• Use of crack cocaine declined from 1991 to 1992 but has risen again to exceed 1991 levels. In 1994, about 4 million people had used crack cocaine at least once in their lives, and about 1.2 million people had used crack within the past year.

Drug Abuse Warning Network

The Drug Abuse Warning Network (DAWN) collects data on drug abuse morbidity and mortality through reports from hospital emergency rooms and a selected sample of medical examiners in 21 metropolitan areas. Data from the DAWN system continue to show increases in adverse health consequences associated with the use of cocaine.

  • The estimated number of cocaine-related emergency room episodes has fluctuated since 1988 when it totaled 101,578. That number increased to 110,013 in 1989 and then decreased significantly to 80,355 in 1990. However, in 1991 the number of cocaine-related ER incidents began an increasing trend that reached an estimated 142,410 in 1994.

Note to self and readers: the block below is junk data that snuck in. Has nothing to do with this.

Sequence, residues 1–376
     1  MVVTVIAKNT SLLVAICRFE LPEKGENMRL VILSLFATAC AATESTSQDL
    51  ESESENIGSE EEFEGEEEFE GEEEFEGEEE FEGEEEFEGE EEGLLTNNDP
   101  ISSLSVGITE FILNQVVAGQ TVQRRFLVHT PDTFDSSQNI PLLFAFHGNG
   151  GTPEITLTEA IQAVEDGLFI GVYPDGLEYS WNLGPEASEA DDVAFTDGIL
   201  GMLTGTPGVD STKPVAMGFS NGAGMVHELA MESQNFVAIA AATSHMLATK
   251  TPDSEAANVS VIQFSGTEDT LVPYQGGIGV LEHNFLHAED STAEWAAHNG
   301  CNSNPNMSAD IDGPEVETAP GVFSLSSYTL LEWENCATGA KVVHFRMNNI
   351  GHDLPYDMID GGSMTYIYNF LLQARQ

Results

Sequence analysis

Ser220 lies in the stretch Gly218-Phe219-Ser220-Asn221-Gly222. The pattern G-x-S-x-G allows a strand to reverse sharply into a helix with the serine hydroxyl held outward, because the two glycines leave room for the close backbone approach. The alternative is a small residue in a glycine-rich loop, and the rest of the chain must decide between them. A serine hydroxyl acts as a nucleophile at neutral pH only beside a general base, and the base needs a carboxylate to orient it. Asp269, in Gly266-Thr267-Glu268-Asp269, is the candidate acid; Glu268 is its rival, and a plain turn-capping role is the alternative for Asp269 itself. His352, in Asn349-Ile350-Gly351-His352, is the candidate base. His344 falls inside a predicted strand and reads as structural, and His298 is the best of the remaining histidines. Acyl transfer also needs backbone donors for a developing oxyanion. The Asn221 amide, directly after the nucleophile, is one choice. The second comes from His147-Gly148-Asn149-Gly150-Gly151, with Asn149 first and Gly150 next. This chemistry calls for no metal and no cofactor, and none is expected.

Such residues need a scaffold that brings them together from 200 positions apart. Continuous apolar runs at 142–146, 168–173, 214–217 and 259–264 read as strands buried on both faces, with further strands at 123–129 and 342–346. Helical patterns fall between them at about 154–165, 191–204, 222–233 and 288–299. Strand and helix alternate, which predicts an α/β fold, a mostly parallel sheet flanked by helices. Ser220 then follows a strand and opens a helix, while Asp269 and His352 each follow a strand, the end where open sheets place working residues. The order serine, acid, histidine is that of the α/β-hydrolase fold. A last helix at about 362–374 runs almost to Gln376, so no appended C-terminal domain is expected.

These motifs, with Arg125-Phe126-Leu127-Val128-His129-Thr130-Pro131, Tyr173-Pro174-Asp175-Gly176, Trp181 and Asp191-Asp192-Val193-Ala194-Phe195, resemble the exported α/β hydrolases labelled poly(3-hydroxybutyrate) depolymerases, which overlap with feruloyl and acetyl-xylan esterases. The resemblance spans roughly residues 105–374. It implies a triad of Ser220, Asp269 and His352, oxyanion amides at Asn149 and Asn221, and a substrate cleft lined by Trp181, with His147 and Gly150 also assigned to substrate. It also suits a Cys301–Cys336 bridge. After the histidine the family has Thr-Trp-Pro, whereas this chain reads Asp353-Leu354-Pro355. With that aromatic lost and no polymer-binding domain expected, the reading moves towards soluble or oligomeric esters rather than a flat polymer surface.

• The number of cocaine-related ER incidents was highest for persons aged 26 to 34 years. The number for males (95,974) was almost twice that for females. Blacks accounted for 77,815 mentions, significantly more than the 40,102 for whites and 13,043 for Hispanics.

Methods of Use
Cocaine use ranges from episodic or occasional use to repeated or compulsive use, with a variety of patterns between these extremes. The major routes of administration of cocaine are sniffing or snorting, injecting, and smoking (including free-base and crack cocaine). Snorting is the process of inhaling cocaine powder through the nostrils where it is absorbed into the bloodstream through the nasal tissues. Injecting is the act of using a needle to release the drug directly into the bloodstream. Smoking involves the inhalation of cocaine vapor or smoke into the lungs where absorption into the bloodstream is as rapid as by injection.